Ever the motivator his manager and saviour elected to tell the world that Cole was more Rafa”s signing more than his. Strong rumour has it that Purslow offered him to Rafa months earlier but like Ancelotti and Capello before him, he wasn”t interested and saw a good player on the way down rather than a natural replacement for Yossi. Purslow”s “Football Manager” stats were high, however, and he ushered through the gates for a paltry wage of £29m for four years. The Fernando Torres of finance in his finest and most devastating hour.

Joe has shrunk from one of the most gifted players of his age to a husk of a man who cannot escape criticism even when he can only make it onto the bench as, ultimately, it”s a waste of a seat. Rodgers has tried to tease out the talent within him when choosing to send him on over Carroll at the West Brom game (he lasted ten jameshallison casino minutes) and ahead of Borini at Stoke but there”s too little left in the engine now. He”s all played out.

Despite the criticism, the jokes, the sighs and sarcastic applause when he drags his sorry carcass off the field Cole has never once complained. Nor has he ever lashed out in frustration and criticised the club or staff. He thanked Dalglish for his loan spell at Lille (four goals and numerous Man of the Match awards in a slower League) and promised to work hard for Liverpool upon his return. Contrast that with his one of his predecessors, Albert Riera, who fired off a spoilt volley of abuse to anyone who would listen. Try passing the ball, you charmless nurk. Of course, it”s easy to keep quiet while you”re raking in a fortune but something tells me that Joe Cole isn”t in the Winston Bogarde league. He hates what”s happening to him. He wants Liverpool to do well and he wants to be a part of that. He just can”t be and that obviously eats at him daily.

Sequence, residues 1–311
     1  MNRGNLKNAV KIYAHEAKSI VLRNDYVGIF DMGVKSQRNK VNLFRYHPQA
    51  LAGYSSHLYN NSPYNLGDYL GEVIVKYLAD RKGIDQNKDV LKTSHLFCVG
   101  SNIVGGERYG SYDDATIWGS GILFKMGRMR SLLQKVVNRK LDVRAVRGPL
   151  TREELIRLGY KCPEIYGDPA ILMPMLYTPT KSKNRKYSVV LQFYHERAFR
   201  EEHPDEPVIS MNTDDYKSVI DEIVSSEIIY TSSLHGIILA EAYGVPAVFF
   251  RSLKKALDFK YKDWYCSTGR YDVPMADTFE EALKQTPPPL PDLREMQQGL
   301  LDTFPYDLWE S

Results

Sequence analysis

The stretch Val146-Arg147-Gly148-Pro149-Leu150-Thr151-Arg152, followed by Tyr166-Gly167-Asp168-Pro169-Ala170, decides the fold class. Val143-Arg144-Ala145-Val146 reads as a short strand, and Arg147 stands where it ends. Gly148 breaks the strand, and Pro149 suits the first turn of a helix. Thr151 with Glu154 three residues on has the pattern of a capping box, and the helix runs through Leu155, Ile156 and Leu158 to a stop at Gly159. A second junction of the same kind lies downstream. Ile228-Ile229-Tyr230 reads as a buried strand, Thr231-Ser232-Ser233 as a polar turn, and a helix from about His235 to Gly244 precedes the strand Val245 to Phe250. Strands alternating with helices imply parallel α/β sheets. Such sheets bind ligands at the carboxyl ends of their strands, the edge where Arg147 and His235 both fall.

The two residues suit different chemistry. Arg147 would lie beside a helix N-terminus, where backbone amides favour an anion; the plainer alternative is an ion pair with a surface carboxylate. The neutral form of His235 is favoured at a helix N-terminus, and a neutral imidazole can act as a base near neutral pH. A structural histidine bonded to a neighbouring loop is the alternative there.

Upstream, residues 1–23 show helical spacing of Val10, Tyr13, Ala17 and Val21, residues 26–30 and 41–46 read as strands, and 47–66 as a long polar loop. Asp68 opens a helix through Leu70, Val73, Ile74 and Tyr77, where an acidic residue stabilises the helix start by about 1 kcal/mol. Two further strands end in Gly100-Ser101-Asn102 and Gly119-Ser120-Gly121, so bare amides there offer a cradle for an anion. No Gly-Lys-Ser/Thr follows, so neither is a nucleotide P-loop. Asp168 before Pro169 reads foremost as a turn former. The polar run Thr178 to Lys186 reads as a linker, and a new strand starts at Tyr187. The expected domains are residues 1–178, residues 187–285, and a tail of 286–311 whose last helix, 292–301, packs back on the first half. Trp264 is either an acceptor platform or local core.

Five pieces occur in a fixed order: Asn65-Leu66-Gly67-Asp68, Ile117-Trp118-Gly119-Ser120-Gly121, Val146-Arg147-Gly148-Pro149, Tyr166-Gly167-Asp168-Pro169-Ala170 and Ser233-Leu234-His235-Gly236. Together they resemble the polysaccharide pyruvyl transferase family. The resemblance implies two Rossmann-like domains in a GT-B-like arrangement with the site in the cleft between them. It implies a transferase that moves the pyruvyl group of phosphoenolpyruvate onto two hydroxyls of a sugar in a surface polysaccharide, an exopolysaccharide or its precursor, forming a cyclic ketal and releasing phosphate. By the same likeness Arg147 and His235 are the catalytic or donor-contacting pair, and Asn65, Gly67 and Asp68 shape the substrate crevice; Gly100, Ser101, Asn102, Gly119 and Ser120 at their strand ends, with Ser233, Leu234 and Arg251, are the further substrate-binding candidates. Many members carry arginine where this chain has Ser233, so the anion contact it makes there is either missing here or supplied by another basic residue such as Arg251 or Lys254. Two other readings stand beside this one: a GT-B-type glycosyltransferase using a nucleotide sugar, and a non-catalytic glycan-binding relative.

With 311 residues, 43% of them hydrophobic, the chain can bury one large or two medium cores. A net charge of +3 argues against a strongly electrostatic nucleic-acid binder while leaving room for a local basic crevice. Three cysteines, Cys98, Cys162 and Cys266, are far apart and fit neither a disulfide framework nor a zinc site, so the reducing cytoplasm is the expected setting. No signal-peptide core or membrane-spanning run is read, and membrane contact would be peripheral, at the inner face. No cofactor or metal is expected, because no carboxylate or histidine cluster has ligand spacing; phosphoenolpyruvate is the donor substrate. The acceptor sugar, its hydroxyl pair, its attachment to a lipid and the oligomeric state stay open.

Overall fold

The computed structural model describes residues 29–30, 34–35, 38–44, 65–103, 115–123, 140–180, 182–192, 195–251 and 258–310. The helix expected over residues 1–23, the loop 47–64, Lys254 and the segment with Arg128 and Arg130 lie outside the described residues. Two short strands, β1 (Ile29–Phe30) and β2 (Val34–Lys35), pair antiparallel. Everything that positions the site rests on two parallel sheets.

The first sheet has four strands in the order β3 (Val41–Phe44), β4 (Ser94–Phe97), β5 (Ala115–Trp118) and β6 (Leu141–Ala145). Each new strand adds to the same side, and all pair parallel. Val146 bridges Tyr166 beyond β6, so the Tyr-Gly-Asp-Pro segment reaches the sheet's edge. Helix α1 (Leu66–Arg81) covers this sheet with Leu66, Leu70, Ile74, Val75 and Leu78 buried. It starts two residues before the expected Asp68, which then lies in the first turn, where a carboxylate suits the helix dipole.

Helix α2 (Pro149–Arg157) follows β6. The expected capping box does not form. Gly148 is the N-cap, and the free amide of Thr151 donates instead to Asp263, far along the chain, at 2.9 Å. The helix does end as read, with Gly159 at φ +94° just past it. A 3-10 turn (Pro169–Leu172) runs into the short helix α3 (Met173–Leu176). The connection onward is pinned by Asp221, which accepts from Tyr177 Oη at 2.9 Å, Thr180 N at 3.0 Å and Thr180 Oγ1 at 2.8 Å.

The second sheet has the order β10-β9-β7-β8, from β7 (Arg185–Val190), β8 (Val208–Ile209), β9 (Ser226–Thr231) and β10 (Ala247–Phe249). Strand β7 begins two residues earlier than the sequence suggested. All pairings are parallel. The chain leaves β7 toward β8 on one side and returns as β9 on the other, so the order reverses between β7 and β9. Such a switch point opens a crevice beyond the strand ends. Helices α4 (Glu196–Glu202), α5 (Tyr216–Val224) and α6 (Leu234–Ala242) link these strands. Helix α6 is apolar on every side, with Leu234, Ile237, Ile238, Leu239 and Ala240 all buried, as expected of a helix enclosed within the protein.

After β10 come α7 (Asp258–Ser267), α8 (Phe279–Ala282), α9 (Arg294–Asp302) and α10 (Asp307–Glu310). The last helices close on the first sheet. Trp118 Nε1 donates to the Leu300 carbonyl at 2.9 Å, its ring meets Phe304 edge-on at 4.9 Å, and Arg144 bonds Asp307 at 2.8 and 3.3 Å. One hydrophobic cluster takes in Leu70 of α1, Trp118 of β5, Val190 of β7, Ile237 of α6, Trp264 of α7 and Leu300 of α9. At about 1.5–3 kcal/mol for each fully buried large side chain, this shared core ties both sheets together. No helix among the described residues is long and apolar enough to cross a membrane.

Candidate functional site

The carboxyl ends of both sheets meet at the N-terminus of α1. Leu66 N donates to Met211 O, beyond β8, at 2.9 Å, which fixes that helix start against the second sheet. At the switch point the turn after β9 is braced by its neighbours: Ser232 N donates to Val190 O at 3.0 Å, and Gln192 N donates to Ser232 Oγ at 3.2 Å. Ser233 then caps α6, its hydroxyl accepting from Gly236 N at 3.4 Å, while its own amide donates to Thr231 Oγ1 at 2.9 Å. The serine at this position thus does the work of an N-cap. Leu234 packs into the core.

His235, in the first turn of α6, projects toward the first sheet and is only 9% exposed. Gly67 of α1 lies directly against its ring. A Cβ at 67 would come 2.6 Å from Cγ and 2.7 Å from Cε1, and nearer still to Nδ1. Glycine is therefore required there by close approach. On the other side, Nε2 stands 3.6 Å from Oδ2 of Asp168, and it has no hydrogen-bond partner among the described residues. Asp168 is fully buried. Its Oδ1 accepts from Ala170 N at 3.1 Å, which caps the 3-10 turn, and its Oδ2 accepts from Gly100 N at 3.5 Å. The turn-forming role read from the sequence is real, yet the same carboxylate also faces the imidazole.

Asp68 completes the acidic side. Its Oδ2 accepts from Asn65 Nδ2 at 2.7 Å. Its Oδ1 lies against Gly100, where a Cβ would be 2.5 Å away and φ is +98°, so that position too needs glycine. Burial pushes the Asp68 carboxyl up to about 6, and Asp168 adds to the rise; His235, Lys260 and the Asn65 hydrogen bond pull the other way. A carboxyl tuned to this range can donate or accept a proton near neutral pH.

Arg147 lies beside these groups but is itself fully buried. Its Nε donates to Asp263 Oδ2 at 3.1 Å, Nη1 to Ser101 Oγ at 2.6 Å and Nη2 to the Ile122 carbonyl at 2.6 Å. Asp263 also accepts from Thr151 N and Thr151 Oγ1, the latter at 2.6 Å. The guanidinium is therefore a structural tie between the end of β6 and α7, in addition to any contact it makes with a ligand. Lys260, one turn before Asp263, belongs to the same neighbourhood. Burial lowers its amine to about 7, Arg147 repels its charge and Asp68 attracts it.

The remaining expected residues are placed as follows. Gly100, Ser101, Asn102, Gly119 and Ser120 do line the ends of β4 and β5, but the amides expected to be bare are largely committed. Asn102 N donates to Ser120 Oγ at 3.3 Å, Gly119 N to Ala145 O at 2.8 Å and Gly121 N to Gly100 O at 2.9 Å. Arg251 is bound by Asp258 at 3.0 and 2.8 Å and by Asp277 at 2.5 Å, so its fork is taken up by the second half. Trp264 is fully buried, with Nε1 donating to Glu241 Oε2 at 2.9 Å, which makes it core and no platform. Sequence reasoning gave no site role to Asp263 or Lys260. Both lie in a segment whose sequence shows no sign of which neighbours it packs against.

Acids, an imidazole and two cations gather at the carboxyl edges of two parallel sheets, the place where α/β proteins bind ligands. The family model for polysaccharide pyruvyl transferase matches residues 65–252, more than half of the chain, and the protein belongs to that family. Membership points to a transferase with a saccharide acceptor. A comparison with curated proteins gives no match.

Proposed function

The signing of Joe Cole was disastrous and is matched by our other expensive mistakes (Keane, Aquilani, Downing etc) in recent years but none of that is his fault. If an egotistical loon wants you to offer you a fortune to play for a club who had nearly won the League two years earlier then who wouldn”t leap at the opportunity? I would.  Thanks for that, Christian.

Of course, Joe could take a pay cut and go to QPR or such like but who would take the risk? If you put a “product” in the shop window you”d hope that it didn”t show the rusty nails, the cuts and scratches or the creaking engine but as things stand that”s all we have to show. Who would buy him? Who”s going to fall for that? As we”re losing £90k a week, we can”t just wait for Christian Purslow to join another club and sit in on transfer meetings with a list of footballers he”s heard of. It”s a paradox. Please buy him but for God”s sake don”t look at him first.

Sometimes we buy players too late in their careers. Nigel Clough wasn”t the Nigel Clough we wanted, Jari should have given us his best years for us rather than his swansong as should Gary Mac. It”s a shame, a real shame. And an expensive one.

Some players have graceless exits. Joe Cole seems to be waiting for his.

 
Follow Karl on Twitter: @TheCenci.